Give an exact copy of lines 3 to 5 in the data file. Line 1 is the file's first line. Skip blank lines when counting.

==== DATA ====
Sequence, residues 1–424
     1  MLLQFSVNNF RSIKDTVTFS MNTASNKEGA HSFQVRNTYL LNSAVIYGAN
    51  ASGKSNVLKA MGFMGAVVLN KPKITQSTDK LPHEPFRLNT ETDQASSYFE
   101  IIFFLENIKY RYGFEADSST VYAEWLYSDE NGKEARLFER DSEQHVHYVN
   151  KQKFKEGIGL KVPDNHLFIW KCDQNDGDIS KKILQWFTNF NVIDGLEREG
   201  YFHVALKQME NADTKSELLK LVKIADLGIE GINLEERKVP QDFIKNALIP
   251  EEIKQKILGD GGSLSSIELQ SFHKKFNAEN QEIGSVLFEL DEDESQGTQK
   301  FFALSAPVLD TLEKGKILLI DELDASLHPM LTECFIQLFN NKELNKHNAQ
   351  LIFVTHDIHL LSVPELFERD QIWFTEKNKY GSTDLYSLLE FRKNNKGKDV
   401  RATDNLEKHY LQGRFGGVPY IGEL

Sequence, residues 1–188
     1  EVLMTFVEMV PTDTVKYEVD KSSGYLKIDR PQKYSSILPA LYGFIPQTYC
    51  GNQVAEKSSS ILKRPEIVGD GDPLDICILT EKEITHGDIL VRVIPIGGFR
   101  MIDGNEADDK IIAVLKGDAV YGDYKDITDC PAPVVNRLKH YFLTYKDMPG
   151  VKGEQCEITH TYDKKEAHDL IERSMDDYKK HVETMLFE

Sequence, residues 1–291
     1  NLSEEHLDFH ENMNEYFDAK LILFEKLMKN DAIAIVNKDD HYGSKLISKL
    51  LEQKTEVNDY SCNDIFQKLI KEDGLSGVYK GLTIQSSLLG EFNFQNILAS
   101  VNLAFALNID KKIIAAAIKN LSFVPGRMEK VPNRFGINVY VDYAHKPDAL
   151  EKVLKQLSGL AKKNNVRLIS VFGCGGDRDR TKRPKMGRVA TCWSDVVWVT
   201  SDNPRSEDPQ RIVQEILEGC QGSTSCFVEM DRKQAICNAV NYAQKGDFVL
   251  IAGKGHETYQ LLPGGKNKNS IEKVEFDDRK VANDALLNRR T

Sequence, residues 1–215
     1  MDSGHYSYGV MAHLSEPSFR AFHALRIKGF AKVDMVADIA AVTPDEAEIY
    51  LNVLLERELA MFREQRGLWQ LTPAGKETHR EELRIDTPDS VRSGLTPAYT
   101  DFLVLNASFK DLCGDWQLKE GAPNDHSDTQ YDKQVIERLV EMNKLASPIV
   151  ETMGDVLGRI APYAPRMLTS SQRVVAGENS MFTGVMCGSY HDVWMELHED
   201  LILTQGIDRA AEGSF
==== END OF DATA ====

    51  ASGKSNVLKA MGFMGAVVLN KPKITQSTDK LPHEPFRLNT ETDQASSYFE
   101  IIFFLENIKY RYGFEADSST VYAEWLYSDE NGKEARLFER DSEQHVHYVN
   151  KQKFKEGIGL KVPDNHLFIW KCDQNDGDIS KKILQWFTNF NVIDGLEREG